Instead of resting its climate agenda on dubious carbon capture schemes, Hauter said the Biden administration should be prioritizing "immediate actions to limit the supply of dirty fossil fuels" and expand renewable energy, which research has shown to be a much better climate investment than carbon capture.

"This requires using existing federal authority to halt new drilling and fracking, and stop new fossil fuel infrastructure like power plants, pipelines, and export terminals," Hauter continued. "There is no technological quick fix for our climate crisis. We must cut fossil fuels off at their source and transition to clean, renewable energy now."

Jason Rylander, legal director at the Center for Biological Diversity's Climate Law Institute, said it is "no surprise" that the EPA's proposed standards "fall far short of what the climate emergency demands given the right-wing Supreme Court's restrictions on power plant rules."

"The EPA needs to get serious about cutting carbon emissions by creating a national science-based cap on greenhouse gas pollution through the National Ambient Air Quality Standards program," said Rylander. "That's the best way to spur the economy-wide decarbonization we need now."

Other environmental groups were less critical of the Biden administration's proposal as a whole, welcoming it as a meaningful step in the right direction while acknowledging that more ambition is needed to fend off the worst of the climate emergency.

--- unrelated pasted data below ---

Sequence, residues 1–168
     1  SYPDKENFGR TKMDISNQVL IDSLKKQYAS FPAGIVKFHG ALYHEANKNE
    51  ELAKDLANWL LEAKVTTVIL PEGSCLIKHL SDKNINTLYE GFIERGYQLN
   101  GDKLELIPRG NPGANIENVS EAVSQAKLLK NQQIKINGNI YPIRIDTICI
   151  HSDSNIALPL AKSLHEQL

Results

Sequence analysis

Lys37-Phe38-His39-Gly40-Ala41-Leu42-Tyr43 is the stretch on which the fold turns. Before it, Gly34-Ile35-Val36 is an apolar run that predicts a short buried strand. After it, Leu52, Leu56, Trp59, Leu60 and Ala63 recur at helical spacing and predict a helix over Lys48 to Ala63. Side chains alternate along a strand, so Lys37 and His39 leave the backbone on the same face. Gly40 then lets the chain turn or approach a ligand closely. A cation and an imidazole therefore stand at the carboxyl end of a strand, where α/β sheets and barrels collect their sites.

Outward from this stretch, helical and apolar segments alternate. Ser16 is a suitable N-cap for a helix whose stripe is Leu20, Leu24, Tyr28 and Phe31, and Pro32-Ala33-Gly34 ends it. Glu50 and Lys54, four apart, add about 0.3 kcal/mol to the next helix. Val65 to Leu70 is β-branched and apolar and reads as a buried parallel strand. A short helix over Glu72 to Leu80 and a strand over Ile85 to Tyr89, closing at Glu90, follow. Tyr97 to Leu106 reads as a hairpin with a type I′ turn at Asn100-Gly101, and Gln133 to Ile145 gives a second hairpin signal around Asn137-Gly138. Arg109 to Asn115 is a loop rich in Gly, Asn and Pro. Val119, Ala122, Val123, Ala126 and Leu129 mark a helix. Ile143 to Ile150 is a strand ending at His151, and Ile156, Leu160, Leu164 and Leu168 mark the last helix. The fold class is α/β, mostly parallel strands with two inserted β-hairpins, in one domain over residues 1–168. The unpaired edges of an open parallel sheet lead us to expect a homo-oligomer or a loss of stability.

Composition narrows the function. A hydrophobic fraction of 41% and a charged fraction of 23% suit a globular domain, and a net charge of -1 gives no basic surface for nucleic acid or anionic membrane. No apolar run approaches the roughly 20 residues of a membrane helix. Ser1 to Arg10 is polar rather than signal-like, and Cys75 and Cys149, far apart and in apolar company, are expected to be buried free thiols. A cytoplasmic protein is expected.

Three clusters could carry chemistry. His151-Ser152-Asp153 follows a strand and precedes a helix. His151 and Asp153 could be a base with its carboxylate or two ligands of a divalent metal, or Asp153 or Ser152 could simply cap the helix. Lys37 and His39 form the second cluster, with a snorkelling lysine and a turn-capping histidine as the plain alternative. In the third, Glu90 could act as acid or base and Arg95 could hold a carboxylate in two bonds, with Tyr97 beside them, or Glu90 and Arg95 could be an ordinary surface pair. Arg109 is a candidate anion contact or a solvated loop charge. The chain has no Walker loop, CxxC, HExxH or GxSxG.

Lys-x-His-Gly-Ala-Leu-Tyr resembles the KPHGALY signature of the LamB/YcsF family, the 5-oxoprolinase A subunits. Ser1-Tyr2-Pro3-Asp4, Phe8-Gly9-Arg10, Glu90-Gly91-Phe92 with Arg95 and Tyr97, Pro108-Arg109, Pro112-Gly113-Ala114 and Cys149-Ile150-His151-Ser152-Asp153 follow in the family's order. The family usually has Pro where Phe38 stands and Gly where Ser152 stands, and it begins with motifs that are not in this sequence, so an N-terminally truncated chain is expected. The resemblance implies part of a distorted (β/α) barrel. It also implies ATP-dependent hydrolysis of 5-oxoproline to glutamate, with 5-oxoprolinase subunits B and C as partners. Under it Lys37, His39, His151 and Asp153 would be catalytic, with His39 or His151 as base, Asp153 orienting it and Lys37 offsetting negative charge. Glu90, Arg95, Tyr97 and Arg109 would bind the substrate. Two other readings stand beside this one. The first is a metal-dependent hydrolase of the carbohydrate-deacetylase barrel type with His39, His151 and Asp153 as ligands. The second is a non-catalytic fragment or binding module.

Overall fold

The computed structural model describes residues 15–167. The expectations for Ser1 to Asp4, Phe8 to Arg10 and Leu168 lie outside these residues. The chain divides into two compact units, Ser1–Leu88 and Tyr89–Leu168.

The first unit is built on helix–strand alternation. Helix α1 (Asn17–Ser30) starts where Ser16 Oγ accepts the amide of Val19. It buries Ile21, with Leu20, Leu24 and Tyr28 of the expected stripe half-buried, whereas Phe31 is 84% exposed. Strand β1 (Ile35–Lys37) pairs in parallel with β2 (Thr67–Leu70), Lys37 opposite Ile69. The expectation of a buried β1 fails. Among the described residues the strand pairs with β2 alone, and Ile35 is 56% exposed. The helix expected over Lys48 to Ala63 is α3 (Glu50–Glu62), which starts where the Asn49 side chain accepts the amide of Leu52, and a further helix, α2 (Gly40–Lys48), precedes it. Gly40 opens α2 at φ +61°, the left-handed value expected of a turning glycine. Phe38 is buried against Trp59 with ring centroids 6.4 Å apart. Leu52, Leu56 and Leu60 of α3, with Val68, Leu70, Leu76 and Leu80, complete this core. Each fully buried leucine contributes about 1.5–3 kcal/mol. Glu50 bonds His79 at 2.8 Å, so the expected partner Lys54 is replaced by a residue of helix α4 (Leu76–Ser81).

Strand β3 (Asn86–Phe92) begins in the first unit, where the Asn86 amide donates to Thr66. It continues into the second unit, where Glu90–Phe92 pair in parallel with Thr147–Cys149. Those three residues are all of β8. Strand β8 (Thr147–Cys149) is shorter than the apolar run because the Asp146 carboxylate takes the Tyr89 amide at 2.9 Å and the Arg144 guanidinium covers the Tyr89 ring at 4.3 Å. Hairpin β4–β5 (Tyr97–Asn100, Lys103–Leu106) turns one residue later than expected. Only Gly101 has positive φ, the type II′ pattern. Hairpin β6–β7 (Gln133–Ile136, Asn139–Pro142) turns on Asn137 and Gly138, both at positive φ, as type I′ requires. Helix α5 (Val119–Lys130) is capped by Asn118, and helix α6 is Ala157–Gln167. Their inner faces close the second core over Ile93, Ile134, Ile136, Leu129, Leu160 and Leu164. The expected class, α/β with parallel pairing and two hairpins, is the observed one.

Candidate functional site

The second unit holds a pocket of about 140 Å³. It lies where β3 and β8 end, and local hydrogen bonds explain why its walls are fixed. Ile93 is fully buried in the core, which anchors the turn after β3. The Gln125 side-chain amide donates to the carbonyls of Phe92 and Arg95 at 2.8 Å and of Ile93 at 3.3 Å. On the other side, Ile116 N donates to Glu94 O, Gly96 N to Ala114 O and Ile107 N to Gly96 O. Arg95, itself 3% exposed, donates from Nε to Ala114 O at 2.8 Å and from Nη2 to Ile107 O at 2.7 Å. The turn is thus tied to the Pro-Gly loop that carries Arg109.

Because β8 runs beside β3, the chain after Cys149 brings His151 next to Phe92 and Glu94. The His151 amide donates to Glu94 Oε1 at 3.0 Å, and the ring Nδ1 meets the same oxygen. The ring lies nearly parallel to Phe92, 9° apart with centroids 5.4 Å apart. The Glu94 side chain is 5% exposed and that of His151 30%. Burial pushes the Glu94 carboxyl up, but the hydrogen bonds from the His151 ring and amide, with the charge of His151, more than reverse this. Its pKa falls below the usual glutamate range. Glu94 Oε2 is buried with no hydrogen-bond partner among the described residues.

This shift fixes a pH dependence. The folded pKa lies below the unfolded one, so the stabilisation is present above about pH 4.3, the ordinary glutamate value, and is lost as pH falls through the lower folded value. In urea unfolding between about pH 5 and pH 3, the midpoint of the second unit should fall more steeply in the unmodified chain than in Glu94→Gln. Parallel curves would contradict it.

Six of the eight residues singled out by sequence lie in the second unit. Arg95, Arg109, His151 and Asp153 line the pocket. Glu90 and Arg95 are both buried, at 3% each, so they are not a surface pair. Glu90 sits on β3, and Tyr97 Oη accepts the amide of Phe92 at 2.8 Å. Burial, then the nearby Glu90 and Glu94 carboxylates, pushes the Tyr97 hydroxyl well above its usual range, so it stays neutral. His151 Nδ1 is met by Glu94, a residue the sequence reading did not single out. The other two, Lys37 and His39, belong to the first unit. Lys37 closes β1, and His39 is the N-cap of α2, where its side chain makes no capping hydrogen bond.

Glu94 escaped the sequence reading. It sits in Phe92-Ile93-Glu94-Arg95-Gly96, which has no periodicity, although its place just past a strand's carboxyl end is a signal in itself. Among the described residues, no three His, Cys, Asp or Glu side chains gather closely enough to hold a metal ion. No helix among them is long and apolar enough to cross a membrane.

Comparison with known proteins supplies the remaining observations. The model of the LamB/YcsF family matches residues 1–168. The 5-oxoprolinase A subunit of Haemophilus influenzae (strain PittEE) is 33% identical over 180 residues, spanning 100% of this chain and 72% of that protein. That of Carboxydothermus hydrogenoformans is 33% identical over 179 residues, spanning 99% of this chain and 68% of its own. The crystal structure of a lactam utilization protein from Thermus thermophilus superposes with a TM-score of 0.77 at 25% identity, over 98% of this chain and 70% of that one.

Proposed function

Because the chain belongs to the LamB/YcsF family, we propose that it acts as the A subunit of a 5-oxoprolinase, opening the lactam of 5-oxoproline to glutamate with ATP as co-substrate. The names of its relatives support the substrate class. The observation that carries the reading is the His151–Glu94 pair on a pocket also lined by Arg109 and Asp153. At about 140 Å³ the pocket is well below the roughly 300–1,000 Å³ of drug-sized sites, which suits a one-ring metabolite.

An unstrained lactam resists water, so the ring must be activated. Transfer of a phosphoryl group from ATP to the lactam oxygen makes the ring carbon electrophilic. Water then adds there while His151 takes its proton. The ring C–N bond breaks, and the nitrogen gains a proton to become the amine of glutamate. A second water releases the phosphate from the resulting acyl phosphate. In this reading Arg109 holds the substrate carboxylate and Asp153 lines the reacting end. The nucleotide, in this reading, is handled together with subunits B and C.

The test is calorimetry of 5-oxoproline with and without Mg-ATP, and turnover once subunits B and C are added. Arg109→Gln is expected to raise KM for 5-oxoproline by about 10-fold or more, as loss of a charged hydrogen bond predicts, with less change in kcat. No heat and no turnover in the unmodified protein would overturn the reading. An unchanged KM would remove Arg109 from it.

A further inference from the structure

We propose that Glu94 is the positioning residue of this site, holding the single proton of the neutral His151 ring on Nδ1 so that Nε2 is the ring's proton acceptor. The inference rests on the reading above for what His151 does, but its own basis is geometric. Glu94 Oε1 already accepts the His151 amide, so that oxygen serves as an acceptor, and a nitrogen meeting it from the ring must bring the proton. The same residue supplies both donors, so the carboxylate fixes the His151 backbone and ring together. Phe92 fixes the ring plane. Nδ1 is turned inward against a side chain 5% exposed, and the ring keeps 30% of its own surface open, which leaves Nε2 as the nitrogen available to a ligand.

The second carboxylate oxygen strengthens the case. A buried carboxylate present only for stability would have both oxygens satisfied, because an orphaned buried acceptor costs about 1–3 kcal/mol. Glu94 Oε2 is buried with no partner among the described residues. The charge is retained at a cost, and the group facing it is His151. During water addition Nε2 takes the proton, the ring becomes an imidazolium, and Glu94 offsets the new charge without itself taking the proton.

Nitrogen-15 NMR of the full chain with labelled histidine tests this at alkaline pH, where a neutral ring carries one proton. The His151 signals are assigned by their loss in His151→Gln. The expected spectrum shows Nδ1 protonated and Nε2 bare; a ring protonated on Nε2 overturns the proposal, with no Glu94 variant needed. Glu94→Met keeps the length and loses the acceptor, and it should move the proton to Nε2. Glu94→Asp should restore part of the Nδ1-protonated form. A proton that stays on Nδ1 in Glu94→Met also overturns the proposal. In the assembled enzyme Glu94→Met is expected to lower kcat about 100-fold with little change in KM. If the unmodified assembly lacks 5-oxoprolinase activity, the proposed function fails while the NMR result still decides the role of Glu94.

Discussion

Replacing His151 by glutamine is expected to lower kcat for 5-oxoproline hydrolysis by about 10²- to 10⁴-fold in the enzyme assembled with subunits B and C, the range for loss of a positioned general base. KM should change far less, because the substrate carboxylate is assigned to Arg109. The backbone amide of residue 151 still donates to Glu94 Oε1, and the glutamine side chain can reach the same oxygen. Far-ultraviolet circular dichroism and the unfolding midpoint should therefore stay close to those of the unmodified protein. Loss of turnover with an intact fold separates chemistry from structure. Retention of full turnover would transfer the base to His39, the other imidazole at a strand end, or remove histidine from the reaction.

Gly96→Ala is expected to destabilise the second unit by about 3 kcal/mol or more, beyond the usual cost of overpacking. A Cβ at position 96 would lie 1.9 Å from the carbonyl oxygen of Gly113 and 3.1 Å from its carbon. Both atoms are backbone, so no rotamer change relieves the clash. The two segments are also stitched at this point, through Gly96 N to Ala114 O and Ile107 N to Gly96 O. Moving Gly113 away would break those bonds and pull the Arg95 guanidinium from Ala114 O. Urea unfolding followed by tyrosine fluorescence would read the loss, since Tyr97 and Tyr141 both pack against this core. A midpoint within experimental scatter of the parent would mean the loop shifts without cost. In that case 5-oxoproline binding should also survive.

"We're pleased to see the Biden Administration continue to address climate pollution in a serious way. Now, the administration must finish the job and ensure the final standards are as strong as possible," said Ben Jealous, executive director of the Sierra Club. "But we know the work to confront the climate crisis doesn’t stop at strong carbon pollution standards. The continued use or expansion of fossil power plants is incompatible with a livable future. Simply put, we must not merely limit the use of fossil fuel electricity: we must end it entirely."

Julie McNamara, the deputy policy director of the Climate and Energy Program at the Union of Concerned Scientists, called the release of the power plant rule "a pivotal turning point, with Administrator Regan rightfully and necessarily moving to hold coal- and gas-fired power plants to account for their ongoing carbon pollution."

But McNamara also implored the administration to "prioritize robust environmental justice protections and environmental and public health safeguards, especially when it comes to carbon capture and sequestration and hydrogen co-firing."

"The agency must protect against greenwashing attempts by fossil fuel interests that would worsen, not lessen, environmental injustices," McNamara said.